It's just too funny! I also learned that All Purpose flour can lead to divorce. How? Well AP flour is a conspiracy fabricated by the bakery industry, to make it impossible for women to bake well. This leads them to buy commercial products instead. Now women have idle time when they should rather be baking, and this idle time can lead to divorce.


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RE: TeresaMN - about your wild rice (also calling Arley)

Makes you wonder what his wife Bertha was like ....... and what her life was like.

I wonder if any of his children/grandchildren are living?


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RE: TeresaMN - about your wild rice (also calling Arley)

“---------it is a long grained dark brown rice that when cooked tastes exactly like barley.------ It is the poorest eating rice in existence. Actually to me it tastes like mud from a pond and barley mixed together. No one ever ate it. Not one settler or Indian ever bothered with it at all as they knew it was no good for eating. ----“

Goes to show, you can always learn something new. I didn’t know I have been enjoying mud, and all the others who consume 70 tons every year, and pay 10 times the price for the privilege of eating mud.

Sounds like an entertaining guy. It would be fun to read his books.

dcarch


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RE: TeresaMN - about your wild rice (also calling Arley)

“---------it is a long grained dark brown rice that when cooked tastes exactly like barley.------ It is the poorest eating rice in existence. Actually to me it tastes like mud from a pond and barley mixed together. No one ever ate it. Not one settler or Indian ever bothered with it at all as they knew it was no good for eating. ----“

Goes to show, you can always learn something new. I didn’t know I have been enjoying mud, and all the others who consume 70 tons every year, and pay 10 times the price for the privilege of eating mud.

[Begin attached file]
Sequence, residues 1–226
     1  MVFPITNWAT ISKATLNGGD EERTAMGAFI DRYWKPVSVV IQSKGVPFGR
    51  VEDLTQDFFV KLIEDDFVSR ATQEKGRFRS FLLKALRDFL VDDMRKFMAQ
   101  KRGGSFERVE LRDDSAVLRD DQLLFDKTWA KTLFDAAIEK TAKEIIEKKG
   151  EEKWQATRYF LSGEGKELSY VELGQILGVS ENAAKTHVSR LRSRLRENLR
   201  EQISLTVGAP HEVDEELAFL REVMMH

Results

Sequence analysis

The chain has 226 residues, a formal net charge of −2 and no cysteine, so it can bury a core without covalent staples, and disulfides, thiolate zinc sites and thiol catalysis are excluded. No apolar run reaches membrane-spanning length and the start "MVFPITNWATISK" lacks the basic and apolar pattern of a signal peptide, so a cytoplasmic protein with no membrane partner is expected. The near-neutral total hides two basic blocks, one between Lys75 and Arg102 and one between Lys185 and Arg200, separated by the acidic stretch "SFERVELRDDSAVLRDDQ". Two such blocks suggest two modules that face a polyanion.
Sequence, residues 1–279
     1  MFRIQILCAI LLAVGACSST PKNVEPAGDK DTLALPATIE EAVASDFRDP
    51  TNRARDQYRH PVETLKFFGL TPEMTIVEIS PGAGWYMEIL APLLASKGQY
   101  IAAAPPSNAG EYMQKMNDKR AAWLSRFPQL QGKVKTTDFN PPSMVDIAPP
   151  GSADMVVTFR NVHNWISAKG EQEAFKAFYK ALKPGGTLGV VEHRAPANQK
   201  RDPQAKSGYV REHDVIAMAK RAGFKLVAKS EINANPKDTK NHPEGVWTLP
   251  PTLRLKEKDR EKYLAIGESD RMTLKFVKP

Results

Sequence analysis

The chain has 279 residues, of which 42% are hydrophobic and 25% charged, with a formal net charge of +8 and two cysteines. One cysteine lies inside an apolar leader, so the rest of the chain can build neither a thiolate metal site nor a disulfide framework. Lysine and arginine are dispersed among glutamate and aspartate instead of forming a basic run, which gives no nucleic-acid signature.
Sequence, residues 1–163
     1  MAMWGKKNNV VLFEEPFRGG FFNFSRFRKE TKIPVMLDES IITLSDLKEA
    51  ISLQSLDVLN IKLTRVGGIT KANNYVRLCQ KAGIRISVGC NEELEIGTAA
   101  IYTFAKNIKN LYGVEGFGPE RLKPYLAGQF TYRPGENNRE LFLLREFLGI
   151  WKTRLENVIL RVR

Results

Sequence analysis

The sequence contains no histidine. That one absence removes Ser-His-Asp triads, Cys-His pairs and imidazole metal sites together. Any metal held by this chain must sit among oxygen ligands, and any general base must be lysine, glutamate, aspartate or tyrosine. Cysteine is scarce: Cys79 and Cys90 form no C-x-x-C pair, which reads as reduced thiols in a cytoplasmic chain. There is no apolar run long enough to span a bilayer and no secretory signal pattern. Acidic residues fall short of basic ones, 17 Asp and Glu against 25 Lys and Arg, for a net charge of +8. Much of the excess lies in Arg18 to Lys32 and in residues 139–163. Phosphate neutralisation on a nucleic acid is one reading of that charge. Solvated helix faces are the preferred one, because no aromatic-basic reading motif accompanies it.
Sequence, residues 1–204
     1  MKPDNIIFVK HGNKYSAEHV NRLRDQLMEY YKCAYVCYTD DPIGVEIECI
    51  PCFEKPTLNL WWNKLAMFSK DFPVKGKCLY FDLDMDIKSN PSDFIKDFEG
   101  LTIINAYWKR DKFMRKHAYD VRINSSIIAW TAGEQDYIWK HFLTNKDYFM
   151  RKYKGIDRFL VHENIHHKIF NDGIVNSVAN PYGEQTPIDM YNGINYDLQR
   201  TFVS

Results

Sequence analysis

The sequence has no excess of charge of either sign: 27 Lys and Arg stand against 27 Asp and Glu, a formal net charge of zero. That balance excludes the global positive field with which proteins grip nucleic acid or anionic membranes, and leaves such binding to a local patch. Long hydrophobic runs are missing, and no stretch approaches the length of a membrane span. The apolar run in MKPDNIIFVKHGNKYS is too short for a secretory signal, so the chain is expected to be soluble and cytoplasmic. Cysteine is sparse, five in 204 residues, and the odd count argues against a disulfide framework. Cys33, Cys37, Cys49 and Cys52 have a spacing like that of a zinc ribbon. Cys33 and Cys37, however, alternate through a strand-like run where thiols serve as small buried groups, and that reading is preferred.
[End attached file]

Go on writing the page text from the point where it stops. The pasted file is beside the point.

Sounds like an entertaining guy. It would be fun to read his books.

dcarch


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RE: TeresaMN - about your wild rice (also calling Arley)

  • Posted by arley 7b/8a SC (My Page) on
    Wed, Feb 19, 14 at 10:21

Glad you folks are enjoying it. I love his certitude: the Virgin Mary was fond of creamed spinach; St Anthony created a famous sandwich; and the most oddball comment of all is his comment about his mayonnaise recipe:

"Using this famous recipe, mayonnaise is very easy to make and you will never have a failure with one exception. If you are a woman do not attempt to make mayonnaise during menstruating time as the mayonnaise will simply not blend together at all well. This is not superstition but a well established fact well known to all women cooks."

OMG, how many un-PC points does one assign to THAT?

The link is to the NYT Herter appreciation.

Here is a link that might be useful: NYT essay on George Leonard Herter

This post was edited by arley on Wed, Feb 19, 14 at 16:01